USA, Japan and Yom Kippur
The 5754 Yom Kippur issue of several Israeli newspapers devoted a lot of space to discussing the 'machdalim' of the Yom Kippur War which happened 20 years earlier.
Note: the aforementioned Yom Kippur happened on the Gregorian year A.D. 1993. The war itself happened on year 5734 (Gregorian year A.D. 1973).
One newspaper even speculated that this preoccupation was necessary so that Yom Kippur will have also a secular meaning, in addition to its religious meaning.
In this article I want to argue that it is an excellent idea to add secular meaning to Yom Kippur, specify what secular meaning, and explain how it may help keep Israel strong in the long run. At the end of this article, I'll suggest also a secular meaning for the 9 B'av mourning day.
During the years which elapsed since the 1973 Yom Kippur War, Israel made large progress in several fronts. Among other things, the average yearly income of the Israelis passed the $10 000/year mark, which is considered to be the dividing line between developing countries and developed countries.
The most important progress was that the quality of management of the myriad of institutions - private companies, non-profit institutions and government functions - made an improvement.
There are several causes for this improvement. I am suggesting that one of the causes is the trauma the Israelis suffered due to the Yom Kippur War, in which they saw mismanagement of the army, which could lead to loss in the war and destruction of Israel. I was a student in the Technion about 5 years after the Yom Kippur War and remember that some lecturers chided students who made stupid mistakes, saying that such stupid mistakes are what happened in the Yom Kippur War.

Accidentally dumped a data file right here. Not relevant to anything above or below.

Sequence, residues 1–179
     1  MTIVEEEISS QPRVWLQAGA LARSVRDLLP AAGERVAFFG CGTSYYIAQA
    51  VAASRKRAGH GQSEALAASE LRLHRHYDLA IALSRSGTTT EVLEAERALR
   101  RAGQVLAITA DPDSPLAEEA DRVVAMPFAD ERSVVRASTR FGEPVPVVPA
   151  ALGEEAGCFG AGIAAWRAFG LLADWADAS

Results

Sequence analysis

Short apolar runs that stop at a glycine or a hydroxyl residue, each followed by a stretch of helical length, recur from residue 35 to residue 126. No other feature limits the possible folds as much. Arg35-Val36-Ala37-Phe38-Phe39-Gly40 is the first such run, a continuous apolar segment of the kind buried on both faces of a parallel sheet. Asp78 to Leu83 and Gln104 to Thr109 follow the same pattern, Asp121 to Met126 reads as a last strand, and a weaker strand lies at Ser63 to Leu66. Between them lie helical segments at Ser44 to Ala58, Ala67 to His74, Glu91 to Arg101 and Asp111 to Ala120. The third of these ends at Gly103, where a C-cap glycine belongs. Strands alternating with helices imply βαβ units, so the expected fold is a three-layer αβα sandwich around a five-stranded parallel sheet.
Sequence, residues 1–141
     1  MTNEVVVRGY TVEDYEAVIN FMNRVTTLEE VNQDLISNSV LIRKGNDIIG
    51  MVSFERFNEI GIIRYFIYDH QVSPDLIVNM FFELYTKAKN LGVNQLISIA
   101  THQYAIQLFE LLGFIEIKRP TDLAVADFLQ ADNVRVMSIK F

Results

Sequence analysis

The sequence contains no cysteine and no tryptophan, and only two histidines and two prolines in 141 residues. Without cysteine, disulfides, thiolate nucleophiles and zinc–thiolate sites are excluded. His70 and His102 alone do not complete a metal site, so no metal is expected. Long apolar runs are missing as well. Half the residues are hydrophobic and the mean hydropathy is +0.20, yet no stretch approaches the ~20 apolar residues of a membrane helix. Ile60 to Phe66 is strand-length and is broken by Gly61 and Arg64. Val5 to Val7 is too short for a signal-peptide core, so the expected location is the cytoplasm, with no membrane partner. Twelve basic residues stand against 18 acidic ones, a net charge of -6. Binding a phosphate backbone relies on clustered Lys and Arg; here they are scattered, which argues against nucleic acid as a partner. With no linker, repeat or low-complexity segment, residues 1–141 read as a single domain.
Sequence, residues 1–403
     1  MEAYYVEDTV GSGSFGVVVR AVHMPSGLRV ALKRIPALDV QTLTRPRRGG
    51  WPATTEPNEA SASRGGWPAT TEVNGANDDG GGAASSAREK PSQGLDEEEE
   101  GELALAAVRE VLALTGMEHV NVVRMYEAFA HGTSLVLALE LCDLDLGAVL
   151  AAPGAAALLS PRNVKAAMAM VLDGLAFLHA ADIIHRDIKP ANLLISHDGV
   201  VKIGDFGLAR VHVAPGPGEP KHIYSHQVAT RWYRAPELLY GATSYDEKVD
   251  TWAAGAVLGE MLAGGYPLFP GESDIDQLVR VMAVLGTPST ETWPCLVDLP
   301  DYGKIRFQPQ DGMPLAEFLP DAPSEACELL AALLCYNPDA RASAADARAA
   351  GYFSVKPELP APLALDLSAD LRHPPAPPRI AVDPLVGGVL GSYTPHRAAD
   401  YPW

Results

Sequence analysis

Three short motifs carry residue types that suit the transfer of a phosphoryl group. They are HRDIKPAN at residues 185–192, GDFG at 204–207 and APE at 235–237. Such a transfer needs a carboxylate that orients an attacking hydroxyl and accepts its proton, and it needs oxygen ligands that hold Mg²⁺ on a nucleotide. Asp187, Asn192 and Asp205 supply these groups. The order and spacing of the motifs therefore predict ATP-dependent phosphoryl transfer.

As a result of the above, I am suggesting that the generation which experienced Yom Kippur War is conditioned to consider quality management to be matter of life and death; and not to tolerate mismanagement.
Several years ago, managers of USA companies were considered to be the very best in the world. USA was the most advanced industrialized country in the world. Other countries learned American methods of management.
In the early 1990's, the quality of management in USA was, with some exceptions, an embarrassment. USA is was (and is still) ridden with huge national debt both to its citizens and abroad. The economic conditions in USA were not so good (relatively speaking) before the reign of Bill Clinton. There were (and still are) lots of homeless people, who probably would have retained their homes if the economic conditions were better. There was and is a lot of violent crime there.
Japan is another example of highly successful country, which has its own problems. For several years, the Japanese were successful by stressing high quality, using their own management style (which was learned by people from other countries and integrated into their own management styles), and imitating (with several improvements) the products of their competitors.
Now Japan has its own economic problems. The money which they accumulated thanks to trade surplus which lasted for several years is deposited in banks and invested in various businesses abroad instead of being used to create real wealth inside Japan. They ran out of original ideas to imitate&improve. Moreover, their culture does not stress originality of thinking.